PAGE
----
Who Is Johnson & Johnson?
"No more tears."
"The #1 choice of hospitals."
"Everything in life should be this pure."
Johnson & Johnson's slogans over the years have assured consumers, particularly mothers, that their products are - above all else - safe. However, a recent, seemingly endless stream of recalls suggests otherwise.
Children's Tylenol, Motrin Infant Drops, and Children's Benadryl are among the many medications recalled this year for manufacturing and labeling issues. Those products join recalls of Acuvue contact lenses, the allergy medication Zyrtec, and the ASR hip implant, which was sold to approximately 93,000 adults needing hip replacement surgery. A consistent pattern emerges: the company recalls products only as a last resort, and its quality controls seem to allow an inordinate number of dangerous products to reach the market - and enter the bodies of consumers.
J&J may once have cared that its products were safe. Now, it appears the company only cares if they're sold. The company consistently sells products long after it is fully aware that the products present a danger to the public.
And the FDA is helping.
In a report by ABC News, an inventory company employee named Lynn Walther tells reporters that J&J hired him to quietly purchase specific lots of Motrin IB. His instructions stated that he should, "simply act like a regular customer while making these purchases. There must be no mention of this being a recall of the product. Run in, find the product, make your purchase and run out."
Johnson & Johnson's Head of Consumer Affairs, Colleen Goggins, stated that the company had nothing to do with the buy-back, and that she didn't "believe there was any intent to mislead or hide anything." It's difficult to believe the now-retired Goggins, considering J&J has a long history of "phantom" or "silent" recalls.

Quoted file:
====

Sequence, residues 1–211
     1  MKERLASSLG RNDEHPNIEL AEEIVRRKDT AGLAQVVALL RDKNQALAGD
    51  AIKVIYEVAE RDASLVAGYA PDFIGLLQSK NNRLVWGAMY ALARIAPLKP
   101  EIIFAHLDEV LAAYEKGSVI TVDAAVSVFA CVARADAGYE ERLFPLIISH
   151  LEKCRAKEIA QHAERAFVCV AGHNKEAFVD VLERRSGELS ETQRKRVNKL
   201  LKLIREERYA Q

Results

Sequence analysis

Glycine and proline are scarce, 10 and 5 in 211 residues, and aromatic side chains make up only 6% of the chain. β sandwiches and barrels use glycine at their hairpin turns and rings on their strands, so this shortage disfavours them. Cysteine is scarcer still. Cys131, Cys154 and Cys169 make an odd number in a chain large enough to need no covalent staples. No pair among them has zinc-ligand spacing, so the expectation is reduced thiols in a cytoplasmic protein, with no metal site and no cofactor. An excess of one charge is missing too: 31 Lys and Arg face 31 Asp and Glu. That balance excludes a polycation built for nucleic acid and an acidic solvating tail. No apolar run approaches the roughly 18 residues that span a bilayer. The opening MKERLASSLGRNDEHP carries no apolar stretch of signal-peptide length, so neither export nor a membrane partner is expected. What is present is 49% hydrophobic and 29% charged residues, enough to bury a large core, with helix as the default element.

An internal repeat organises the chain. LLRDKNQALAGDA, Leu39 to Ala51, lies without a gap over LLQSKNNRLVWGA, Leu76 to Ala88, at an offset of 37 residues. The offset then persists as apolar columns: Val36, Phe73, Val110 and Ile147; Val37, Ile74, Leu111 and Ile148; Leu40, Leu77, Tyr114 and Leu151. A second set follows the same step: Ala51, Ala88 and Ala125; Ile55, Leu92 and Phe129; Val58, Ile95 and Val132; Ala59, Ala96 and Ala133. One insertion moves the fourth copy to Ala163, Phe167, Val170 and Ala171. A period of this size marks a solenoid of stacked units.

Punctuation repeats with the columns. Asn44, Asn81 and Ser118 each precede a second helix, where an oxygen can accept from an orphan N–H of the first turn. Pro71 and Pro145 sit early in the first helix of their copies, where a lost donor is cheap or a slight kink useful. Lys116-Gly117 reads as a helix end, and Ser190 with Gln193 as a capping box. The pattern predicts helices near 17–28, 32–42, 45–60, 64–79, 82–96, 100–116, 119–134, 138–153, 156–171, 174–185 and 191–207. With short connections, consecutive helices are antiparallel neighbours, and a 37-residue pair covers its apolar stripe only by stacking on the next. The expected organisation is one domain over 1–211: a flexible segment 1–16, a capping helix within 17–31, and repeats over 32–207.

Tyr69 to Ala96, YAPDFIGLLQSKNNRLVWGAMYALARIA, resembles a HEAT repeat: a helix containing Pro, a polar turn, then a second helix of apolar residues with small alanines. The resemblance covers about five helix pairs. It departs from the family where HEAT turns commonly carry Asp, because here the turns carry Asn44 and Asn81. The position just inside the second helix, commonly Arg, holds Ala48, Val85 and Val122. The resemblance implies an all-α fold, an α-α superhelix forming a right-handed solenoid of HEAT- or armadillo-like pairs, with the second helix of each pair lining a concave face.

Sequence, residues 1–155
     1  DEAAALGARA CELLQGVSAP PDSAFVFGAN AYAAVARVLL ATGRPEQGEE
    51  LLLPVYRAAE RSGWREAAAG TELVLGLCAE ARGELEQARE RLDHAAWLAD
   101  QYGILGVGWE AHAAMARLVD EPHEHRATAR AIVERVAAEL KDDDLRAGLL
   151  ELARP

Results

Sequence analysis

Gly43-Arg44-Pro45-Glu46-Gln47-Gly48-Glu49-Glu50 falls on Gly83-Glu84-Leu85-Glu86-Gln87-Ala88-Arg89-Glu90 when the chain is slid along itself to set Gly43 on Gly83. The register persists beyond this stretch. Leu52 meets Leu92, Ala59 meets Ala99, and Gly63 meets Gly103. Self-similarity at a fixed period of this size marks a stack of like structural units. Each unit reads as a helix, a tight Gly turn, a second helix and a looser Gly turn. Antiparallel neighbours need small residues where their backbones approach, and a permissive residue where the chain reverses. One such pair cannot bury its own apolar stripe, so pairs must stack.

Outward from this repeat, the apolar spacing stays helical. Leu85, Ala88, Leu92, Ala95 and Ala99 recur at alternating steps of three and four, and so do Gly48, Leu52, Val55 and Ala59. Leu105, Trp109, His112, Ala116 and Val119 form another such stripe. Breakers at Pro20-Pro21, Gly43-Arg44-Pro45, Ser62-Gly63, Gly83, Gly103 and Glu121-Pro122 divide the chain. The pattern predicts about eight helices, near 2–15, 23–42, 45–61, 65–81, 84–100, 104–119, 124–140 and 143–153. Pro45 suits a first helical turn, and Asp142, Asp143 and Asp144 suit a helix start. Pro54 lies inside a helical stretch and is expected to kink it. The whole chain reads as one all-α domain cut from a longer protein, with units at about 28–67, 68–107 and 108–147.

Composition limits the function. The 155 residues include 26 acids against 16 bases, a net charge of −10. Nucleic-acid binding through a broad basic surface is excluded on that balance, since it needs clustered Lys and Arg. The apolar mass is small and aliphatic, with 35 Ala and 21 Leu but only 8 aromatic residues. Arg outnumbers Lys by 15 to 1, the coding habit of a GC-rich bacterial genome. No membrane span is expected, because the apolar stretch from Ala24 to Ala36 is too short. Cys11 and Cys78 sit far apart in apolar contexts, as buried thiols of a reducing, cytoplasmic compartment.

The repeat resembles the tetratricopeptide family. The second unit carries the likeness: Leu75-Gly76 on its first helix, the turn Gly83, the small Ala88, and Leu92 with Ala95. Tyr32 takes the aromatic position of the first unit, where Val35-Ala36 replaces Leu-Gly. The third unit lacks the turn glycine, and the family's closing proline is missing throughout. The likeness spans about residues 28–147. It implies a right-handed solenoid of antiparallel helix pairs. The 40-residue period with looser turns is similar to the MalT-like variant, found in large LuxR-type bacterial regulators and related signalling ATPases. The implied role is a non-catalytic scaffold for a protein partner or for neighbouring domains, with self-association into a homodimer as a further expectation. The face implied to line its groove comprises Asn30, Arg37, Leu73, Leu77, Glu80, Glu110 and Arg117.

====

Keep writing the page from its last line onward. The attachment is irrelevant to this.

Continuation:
In 2007, the Australia joint registry sent seven separate reports to the company identifying specific problems with the ASR device and detailing the high failure rate. The device was withdrawn for "commercial reasons" in December of 2009 and only officially recalled in March of 2010. Meanwhile, thousands of people received an implant that may cause permanent tissue and bone damage or require a revision, which could mean they will be unable to have a successful future implant.
Other recalls show a similar pattern of attempting to minimize the amount of product recalled - or avoid a recall altogether. Where one might hope that a company would issue a recall as rapidly as possible after being informed of problems, J&J's usual response is to "wait and see", followed by an attempt to remove the product by some other means than a recall. If it does recall the product, the company issues the smallest recall possible, expanding by minute degrees to keep products on the shelves as long as possible.
Hundreds of wrongful death claims were issued over the Duragesic pain-killing patch. The jury determined that J&J was aware of the defects in the Duragestic patches, but neglected to inform doctors and consumers. the company recalled the patch that administered a 75mg/hour dose in 2004 - and waited until 2008 to recall the same patch that administered a 25mg/hour dose.